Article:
On January 12, 2010, 45 seconds destroyed physical parts of Haiti. Over 250,000 died and countless others injured. I have traveled to the country many times and made stronger after each visit. On the 8th anniversary of this disasters, I am revisiting two blogs written soon after my early trips. The emotions were raw and I still have a deep love for a people who can survive under the worst conditions.
Blessed are the flexible, for they shall bend, and not break.
With all the stories in the news about the Haitian earthquake, I expected to see the crumbled buildings, poor roads, and devastation when I visited. What I did not expect was what I saw and learned form the Haitians. They have lived lives of oppression for decades. Haiti is the poorest most abused country in our hemisphere. What I expected to see were people who had little and cared about nothing. The biggest surprise in my trip was “the people”.
One orphanage I visited belongs to a caring American — Nancy Turner. Her website is www.loveandgraceboyshome.com. I am borrowing some information form the site about people in Haiti:
– Children represent 70% of the 9 million people in this country.
– Less than 20% of Haitians age 15 and over can read
– The children endure illiteracy, slavery, and the highest mortality rate in the western hemisphere.
– 10% of the child population will die before age 4.
– More than half of Haitians earn less than $1 per day. The average yearly income is $550.
– There is one doctor for every 10,000 people in Haiti.
Haitians are very handsome people. Women and men are attractive physically. Without exception, the children are neat and have engaging smiles. As our cattle truck, carrying 21 white Americans rolled down the streets, almost everyone smiled and waved. A few people even said “thank you”. Why thank us? They are the survivors! They are the inspirations to each of us who spent little time in their world. On Sunday, hundreds of people came to the outdoor services. Women came in white dresses, children were well dressed and groomed, and men wore suits. It was 90 degrees and they came in their best and sang praises to the Lord. They were counting their many blessings. And, each person came forward to put something into the collection basket. Wow!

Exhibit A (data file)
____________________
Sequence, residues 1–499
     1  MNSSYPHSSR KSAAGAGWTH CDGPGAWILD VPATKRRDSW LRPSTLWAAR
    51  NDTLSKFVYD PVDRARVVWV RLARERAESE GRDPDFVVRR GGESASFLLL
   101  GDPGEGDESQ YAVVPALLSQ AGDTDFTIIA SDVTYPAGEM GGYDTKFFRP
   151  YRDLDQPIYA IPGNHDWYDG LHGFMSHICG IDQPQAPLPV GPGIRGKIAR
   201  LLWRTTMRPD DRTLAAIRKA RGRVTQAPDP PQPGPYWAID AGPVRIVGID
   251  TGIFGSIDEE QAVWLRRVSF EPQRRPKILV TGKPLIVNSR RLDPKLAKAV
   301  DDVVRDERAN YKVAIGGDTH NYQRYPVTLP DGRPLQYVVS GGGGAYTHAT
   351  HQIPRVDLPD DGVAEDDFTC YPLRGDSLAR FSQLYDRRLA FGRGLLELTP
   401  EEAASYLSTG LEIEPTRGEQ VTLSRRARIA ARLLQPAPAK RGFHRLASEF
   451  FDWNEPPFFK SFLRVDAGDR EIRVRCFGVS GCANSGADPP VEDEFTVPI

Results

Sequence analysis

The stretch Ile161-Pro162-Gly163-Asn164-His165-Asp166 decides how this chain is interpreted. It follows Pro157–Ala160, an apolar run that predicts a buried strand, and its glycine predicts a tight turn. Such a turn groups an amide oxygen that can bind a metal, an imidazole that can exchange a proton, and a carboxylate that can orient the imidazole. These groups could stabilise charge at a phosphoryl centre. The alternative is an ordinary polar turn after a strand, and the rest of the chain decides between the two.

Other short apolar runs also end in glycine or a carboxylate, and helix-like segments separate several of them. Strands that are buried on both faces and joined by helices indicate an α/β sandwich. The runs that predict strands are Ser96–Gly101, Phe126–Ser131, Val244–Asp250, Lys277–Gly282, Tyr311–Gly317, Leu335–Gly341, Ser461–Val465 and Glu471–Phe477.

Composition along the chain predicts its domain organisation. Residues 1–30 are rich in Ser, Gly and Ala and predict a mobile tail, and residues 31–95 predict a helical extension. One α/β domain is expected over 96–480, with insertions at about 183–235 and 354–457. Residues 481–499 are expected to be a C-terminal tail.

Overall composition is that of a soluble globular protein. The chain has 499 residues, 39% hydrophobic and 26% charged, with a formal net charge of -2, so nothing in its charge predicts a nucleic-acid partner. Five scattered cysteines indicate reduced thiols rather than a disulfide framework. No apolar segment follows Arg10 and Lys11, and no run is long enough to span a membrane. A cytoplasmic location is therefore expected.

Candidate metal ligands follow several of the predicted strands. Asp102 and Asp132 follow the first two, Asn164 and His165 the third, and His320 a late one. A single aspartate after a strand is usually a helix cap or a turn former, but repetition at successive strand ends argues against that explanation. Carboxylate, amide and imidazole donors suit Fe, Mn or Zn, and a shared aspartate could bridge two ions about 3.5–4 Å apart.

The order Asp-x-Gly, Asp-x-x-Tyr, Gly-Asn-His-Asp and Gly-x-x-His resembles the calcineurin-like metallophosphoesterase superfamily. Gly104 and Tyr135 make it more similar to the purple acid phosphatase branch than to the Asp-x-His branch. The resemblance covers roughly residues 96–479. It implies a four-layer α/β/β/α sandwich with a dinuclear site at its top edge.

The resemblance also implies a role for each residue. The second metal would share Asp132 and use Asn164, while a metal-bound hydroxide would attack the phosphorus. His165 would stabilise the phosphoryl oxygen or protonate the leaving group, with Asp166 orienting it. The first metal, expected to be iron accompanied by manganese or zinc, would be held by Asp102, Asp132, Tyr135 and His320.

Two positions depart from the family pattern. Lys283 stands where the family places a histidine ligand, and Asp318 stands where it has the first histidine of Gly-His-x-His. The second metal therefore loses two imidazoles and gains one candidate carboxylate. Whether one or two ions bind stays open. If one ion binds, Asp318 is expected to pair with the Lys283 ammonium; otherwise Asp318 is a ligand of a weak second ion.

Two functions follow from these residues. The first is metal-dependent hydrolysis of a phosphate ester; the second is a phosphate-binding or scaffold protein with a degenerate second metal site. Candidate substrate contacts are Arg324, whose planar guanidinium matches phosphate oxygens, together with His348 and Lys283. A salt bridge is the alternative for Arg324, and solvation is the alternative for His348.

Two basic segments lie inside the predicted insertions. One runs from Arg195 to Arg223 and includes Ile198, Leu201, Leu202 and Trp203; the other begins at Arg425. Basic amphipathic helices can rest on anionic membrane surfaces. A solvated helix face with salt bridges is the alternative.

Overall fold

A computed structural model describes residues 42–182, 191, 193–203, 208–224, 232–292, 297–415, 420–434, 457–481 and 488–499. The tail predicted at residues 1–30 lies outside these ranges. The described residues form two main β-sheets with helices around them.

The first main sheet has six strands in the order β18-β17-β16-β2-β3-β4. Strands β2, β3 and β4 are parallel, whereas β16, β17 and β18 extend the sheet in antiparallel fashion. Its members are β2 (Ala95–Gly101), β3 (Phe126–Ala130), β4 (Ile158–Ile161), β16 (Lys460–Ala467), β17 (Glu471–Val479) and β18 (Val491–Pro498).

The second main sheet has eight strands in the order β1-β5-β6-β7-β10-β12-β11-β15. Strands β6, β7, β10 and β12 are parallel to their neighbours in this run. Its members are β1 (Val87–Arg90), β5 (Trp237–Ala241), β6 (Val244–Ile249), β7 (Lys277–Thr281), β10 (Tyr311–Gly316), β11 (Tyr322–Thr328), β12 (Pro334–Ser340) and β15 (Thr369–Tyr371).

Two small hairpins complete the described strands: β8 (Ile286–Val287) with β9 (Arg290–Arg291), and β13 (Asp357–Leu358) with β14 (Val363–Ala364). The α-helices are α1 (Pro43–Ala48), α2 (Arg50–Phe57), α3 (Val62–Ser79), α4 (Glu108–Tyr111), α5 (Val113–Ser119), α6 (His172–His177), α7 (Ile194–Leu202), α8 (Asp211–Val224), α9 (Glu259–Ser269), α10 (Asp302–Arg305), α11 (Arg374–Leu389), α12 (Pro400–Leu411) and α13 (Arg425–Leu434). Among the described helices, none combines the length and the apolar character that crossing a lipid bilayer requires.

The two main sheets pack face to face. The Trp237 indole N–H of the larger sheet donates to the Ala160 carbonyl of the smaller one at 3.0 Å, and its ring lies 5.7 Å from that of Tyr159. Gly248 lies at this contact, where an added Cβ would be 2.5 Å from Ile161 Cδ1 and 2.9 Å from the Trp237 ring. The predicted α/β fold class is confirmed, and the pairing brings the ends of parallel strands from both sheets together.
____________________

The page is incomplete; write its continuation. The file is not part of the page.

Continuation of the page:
The people who seem to be doing the most for the people were the pastors of churches and the directors of orphanages. Many children have lost one or both parents. The orphanages have grown in number, size, and importance.
In the States we complain if the pot hole isn’t repaired on our street, if we have to wait too long at a traffic light, if the snow isn’t removed quickly enough. In Haiti they thank God for their lives and they are above all else, hopeful. I spoke with a young teacher who lost his school to the earthquake. He is getting a degree at the University and wants to open a new school later this year. He points out that education is the only thing that will transform this nation into something better.
As I reflect on my days in Haiti, I am most grateful for the ability to meet children and adults who care about themselves. While they are tossed obstacles, they bend but are determined not to break. If we can put an infrastructure into place and educate the population, better times will most assuredly come.